Well, not really. But it will make your photographs better. I know what you’re thinking. “White balance? Isn’t that technical? Eyes. Glazing. Over.” Don’t worry, it’s really simple to understand, just as easy to adjust, and it will make your photographs better.
I was recently helping a buddy of mine get some shots with a new lighting setup he built (I’ll talk about that in a future article because what he built is really, really cool). He’s shooting a Canon Powershot G5 which is a little long in the tooth but has respectable controls including full manual and white balance. One of the main problems he was having when test shooting under this new setup was that the color was always off. Everything he shot had a bad yellowish-orange cast. We talked a lot about light bulbs and color temperatures but my first thought was: white balance.
What is white balance, exactly? Light is a tricky thing. The same object in different light can look very different. Think of the light at sunset versus noon. Some light is warmer, some is cooler. And the color of an object changes with the color of the light source. Your brain is smart enough to make a white object look white no matter what the light source. Cameras try to mimic this ability through white balance. Your camera will usually do a fairly good job. But, it is just a machine, it doesn’t actually see what you’re seeing, and it sometimes gets it wrong.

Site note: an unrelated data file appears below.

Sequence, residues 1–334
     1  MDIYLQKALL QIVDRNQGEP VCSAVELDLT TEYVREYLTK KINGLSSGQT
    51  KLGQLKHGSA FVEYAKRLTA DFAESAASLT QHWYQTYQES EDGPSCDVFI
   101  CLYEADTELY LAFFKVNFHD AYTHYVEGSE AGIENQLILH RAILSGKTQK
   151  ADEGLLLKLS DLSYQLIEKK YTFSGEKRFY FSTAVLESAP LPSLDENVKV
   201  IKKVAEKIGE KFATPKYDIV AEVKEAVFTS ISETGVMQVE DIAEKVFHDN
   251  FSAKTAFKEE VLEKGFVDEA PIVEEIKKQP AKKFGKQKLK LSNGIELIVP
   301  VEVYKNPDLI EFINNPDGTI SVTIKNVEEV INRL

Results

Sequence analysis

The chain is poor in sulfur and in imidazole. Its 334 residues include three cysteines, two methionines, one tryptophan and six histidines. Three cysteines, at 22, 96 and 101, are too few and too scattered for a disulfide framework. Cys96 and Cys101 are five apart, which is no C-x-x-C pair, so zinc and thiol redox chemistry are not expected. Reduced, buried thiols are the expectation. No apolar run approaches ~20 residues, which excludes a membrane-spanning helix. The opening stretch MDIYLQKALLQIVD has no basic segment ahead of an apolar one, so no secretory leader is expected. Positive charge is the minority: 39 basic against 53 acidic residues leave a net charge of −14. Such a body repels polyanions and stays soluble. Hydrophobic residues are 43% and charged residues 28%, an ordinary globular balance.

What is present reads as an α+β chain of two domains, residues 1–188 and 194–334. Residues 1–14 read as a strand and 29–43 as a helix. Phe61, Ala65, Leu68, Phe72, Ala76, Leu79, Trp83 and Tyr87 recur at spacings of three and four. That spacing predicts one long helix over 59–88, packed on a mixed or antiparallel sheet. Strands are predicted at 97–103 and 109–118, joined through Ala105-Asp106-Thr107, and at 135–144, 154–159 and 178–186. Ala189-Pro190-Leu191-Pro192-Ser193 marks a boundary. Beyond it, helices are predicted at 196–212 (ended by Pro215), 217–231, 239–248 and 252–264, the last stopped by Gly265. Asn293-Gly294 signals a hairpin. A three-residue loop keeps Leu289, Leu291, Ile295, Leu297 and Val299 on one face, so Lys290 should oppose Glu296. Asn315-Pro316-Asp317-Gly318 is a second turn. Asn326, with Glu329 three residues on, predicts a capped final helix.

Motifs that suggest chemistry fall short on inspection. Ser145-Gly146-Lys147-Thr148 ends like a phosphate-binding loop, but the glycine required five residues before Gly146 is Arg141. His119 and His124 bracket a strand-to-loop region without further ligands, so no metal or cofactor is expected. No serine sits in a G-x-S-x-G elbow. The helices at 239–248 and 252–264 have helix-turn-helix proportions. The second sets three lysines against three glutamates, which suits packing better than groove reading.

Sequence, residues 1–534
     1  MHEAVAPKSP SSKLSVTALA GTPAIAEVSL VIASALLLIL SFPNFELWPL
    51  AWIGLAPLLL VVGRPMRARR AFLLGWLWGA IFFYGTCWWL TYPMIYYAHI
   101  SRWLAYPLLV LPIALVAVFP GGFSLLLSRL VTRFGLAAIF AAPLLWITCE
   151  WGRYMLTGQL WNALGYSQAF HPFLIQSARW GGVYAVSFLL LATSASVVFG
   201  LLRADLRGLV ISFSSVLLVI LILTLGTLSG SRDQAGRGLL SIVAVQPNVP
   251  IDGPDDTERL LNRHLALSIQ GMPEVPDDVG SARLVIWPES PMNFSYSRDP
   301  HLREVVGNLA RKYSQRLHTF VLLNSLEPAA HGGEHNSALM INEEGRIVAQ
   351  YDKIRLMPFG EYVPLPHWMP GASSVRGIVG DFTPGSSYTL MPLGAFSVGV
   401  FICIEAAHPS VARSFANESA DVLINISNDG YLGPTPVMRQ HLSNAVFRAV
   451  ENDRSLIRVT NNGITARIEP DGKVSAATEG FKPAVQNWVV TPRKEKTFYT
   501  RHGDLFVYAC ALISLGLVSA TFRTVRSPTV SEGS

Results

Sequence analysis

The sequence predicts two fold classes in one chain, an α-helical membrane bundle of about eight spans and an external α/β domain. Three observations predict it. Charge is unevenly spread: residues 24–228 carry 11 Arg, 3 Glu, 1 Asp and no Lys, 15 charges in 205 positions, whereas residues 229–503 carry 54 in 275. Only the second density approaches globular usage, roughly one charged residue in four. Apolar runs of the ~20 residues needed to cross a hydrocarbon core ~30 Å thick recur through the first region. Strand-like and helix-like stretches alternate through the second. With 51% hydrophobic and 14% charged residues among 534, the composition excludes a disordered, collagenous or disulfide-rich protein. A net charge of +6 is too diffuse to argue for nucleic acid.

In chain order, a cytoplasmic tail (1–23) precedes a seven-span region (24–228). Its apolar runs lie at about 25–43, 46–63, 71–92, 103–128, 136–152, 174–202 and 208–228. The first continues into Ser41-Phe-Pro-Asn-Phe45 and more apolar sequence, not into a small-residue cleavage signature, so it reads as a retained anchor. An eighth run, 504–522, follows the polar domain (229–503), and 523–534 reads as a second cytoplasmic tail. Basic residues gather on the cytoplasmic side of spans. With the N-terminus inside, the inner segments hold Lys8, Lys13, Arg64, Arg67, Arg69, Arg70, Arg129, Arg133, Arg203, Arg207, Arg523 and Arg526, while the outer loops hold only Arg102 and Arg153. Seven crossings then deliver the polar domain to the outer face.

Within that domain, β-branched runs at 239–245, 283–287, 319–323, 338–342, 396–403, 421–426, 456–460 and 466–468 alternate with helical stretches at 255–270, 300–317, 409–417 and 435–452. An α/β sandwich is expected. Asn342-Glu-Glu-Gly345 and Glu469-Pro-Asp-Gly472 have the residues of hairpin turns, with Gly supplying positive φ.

That’s why your camera lets you adjust the white balance setting. Usually, you’ll be able to use one of several presets including Automatic. The presets correspond to different kinds of light sources. By choosing a preset, you are explicitly telling the camera what kind of light is hitting your subject so it can adjust the color accordingly. Presets for white balance usually include:
Auto: This setting is usually accurate but you’ll want to choose a different setting if you aren’t getting good results.
Incandescent: For shooting under normal indoor lighting.
Fluorescent: For shooting under fluorescent lighting.
Sunlight: Choose this when shooting in direct sunlight.
Flash: For flash photography.
Cloudy: For overcast conditions.
Shade: When shooting a subject that is completely shaded.
Some cameras, like my D70, even let you choose a preset and then fine-tune it by adjusting it a little warmer or cooler. Some will even let you create a temporary custom white balance setting by taking a photograph of something known to be white in the lighting you will use for your photograph (read your camera manual to find out how to do that and if your camera supports it).
So, knowing this, we changed the white balance setting from Auto (which was getting the light source completely wrong for some reason) and explicitly chose Incandescent. On the G5, which like most compact cameras has a live preview of the image on the LCD, we could see the result immediately before even taking a shot. Now the color was spot on. The yellow cast was gone and all of the colors in the scene were brilliantly and accurately represented.
One area where white balance won’t be able to help you (by itself) is when you have multiple light sources. For example, suppose you have both fluorescent and incandescent light in a room. Which white balance setting do you choose? If you want accurate color, choose either one and then turn off the other lights. For example, choose the Incandescent setting and turn off the fluorescent lights. That will ensure that you are choosing the right setting for the right light source. Otherwise, you’ll get strange color variations depending on where different kinds of light are hitting your subject.